Yes, he’s mis­er­able ... but in a good way

Winnipeg Free Press - Section G - - ENTERTAINMENT - By Brad Oswald

THEY say that mis­ery loves com­pany. It must be true, be­cause large crowds show up when Jeremy Hotz per­forms, and he’s about as mis­er­able as a spec­tac­u­larly funny fel­low can be.

“To be hon­est with you, I get up on­stage, and sh-- both­ers me, so I talk about it,” says South African-born, Ot­tawa-raised Hotz, who has called Los An­ge­les home for more than a decade. “That’s the way it is, and that’s the way it al­ways will be. I don’t really plan out ex­actly what I’m go­ing to do; a lot of it is just the fact that 50’s coming (he’s 49), and what am I go­ing to do when I’m 50 years old?”

Mid-life cri­sis con­cerns might be sour­ing his on-stage mood some­what, but the fact is that Hotz has been em­ploy­ing a dead­pan-grumpy style to great comedic ef­fect for more than a quar­ter of a cen­tury. A fix­ture at Mon­treal’s Just For Laughs fes­ti­val for many years, he has been hon­oured by the Cana­dian Com­edy Awards as the coun­try’s top male standup and has also re­ceived the pres­ti­gious Dave Broad­foot Comic Ge­nius Award.

Hotz also re­ceived a Gemini Award for his work on Win­nipeg­ger Ken Fin­kle­man’s beloved CBC com­edy The News­room, and re­cently signed on to ap­pear along­side Ja­son Pri­est­ley in the fourth sea­son of HBO Canada’s Call Me Fitz.

But the fo­cus of this phone con­ver­sa­tion from Hotz’s L.A. home is the crossCanada com­edy tour, which a press re­lease de­scribes as gru­elling 21-city jaunt made even more mis­er­able by the fact Hotz is mak­ing the jour­ney in a not-so-clas­sic pump­kin-or­ange Volk­swa­gen van.

“They got a van, I did a press day with it, and they ba­si­cally lied to the coun­try,” Hotz says with a laugh, con­fess­ing that his mode of trans­port with be de­cid­edly more mod­ern and air­borne than ad­ver­tised. “I’d never make it across the coun­try in that thing; they barely got it in for the photo shoot.

“I mean, (driv­ing across Canada) Tonight at 7:30 Bur­ton Cum­mings The­atre Tick­ets $41 & $48 at Tick­etmaster was a ro­man­tic no­tion, maybe, in 1967. But I think they were just try­ing to tie it all into the mis­er­able thing — you know, Fe­bru­ary in a van, that sort of thing.”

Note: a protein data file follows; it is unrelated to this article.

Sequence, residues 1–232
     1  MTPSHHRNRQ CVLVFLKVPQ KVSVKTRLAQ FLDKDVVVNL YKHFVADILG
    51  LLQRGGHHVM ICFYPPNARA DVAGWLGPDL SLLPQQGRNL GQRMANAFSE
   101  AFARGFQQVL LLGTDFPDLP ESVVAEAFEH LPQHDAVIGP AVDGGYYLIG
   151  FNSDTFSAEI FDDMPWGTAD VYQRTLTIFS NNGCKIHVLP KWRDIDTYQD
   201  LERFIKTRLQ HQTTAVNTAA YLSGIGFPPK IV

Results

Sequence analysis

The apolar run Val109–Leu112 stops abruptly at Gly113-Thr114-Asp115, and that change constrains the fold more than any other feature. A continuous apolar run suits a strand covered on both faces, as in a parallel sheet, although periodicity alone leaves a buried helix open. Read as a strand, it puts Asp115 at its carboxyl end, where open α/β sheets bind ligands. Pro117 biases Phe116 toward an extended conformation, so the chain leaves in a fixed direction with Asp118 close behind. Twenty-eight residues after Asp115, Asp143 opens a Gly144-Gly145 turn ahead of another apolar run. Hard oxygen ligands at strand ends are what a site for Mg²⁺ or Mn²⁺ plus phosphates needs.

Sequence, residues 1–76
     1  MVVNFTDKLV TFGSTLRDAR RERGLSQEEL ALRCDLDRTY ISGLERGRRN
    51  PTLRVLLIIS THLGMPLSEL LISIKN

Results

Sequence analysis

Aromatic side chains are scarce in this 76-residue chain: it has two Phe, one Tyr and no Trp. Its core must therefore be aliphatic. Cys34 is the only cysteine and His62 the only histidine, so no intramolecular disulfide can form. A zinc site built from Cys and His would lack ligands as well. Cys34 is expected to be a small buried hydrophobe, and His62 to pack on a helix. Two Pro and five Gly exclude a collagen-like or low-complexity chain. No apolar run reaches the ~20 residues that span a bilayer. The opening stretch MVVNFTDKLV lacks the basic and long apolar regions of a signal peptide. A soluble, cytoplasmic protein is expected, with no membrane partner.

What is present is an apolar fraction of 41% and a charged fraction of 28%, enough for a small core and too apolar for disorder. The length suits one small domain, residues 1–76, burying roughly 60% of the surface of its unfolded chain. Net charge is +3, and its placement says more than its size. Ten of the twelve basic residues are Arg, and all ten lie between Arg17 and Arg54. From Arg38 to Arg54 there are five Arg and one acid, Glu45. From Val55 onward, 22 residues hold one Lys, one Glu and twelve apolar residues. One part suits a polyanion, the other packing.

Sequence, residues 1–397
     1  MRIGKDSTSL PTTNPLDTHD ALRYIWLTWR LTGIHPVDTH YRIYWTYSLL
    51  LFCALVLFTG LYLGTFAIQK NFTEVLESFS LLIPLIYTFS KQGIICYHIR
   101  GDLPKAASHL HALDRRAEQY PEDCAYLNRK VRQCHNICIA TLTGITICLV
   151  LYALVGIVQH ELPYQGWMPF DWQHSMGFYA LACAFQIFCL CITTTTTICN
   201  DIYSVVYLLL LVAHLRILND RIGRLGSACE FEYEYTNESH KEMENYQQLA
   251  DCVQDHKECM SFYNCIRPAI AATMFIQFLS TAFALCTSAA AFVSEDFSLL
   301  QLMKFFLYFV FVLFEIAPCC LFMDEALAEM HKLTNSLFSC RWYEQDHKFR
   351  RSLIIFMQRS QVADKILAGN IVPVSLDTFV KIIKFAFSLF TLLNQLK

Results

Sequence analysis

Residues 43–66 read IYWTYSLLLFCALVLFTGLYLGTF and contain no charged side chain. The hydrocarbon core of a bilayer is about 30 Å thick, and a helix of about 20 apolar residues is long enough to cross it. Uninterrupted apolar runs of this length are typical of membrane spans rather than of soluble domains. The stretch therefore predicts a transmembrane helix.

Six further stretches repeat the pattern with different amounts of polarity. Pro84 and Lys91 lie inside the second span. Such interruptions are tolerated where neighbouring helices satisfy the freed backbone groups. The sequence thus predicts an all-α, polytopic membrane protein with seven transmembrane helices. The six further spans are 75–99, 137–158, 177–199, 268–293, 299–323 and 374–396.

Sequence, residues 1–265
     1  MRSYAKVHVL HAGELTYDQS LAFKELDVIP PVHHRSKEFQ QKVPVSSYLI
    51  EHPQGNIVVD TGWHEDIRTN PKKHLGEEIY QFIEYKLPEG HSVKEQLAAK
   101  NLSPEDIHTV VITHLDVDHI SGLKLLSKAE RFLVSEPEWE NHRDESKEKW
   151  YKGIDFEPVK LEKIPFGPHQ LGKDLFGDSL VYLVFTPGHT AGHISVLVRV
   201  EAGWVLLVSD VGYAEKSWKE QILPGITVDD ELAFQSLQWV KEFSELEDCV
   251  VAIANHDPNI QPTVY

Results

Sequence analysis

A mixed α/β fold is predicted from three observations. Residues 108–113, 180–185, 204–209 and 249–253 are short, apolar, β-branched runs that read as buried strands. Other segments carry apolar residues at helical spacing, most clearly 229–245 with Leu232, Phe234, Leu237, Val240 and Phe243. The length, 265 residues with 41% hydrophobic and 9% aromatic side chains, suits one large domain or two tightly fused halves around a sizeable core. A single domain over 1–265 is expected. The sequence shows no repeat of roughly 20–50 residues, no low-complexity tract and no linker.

Trans­porta­tion is­sues aside, Hotz says he is glad to be cross­ing the bor­der and tak­ing his com­edy act to a Cana­dian au­di­ence.

“I like go­ing back to Canada,” he ex­plains. “First of all, I’m from there, so it’s home. And the crowds un­der­stand, so I can do my act nor­mally; I’m talk­ing to peo­ple who are like me, so I don’t have throw any­thing out of the act.

“Down here (in the U.S.), it’s a bit dif­fer­ent — I’ll of­ten go, ‘Oh, they’ll never get that,’ so I’ll take stuff out. But in Canada, I don’t have to change jokes. They get it.”

Hotz cred­its his Cana­dian up­bring­ing for the fact he’s funny in the first place.

“I think it’s a cul­tural thing,” he says. “That’s why you see so many Cana­di­ans in com­edy — we don’t have any guns, so we have to make jokes. Which is bet­ter, I guess.

“Hon­estly, I think the Cana­dian style of com­edy is dif­fer­ent, maybe be­cause when we were kids, we were in­flu­enced by all those Bri­tish TV shows, like On the Buses and Benny Hill and things like that. (Amer­i­cans) didn’t have that stuff. And their com­edy tends to be big­ger, all HIGH EN­ERGY all the time. But Cana­di­ans try to be dif­fer­ent in­stead of try­ing to all be the same.”

Cana­dian com­edy star­dom, he adds, is a dif­fer­ent, down­scaled kind of fame.

While shoot­ing episodes re­cently for Sea­son 4 of Call Me Fitz, Hotz was sta­tioned in Hal­i­fax, which al­lowed him to re­unite briefly with erst­while News­room cast­mate Mark Far­rell, a former standup who has since be­come one of Canada’s most suc­cess­ful TV­com­edy writer/pro­duc­ers (with a list of cred­its that in­cludes This Hour Has 22 Min­utes, Made in Canada, Cor­ner Gas and the cur­rent Ci­tytv sit­com Seed).

“That was the great­est thing,” says Hotz. “We went to Yuk Yuk’s and I did a (standup) set, and then we went to this bar, and this old guy came up to us and said, ‘Hey, aren’t you those guys from that show?’ I couldn’t be­lieve it — all th­ese years later, and some­body re­mem­bers us from The News­room. We’re not the young guys on that show; we’re a cou­ple of old men sit­ting in a bar. But he re­mem­bered. That’s fan­tas­tic.”

Fan­tas­tic, you say? Well, that hardly sounds mis­er­able at all.

You can sam­ple Jeremy Hotz’s com­edy style by vis­it­ing www.jere­my­hotz. com.


Hotz cred­its his Cana­dian up­bring­ing for be­ing funny: ‘We don’t have any guns, so we have to make jokes.’

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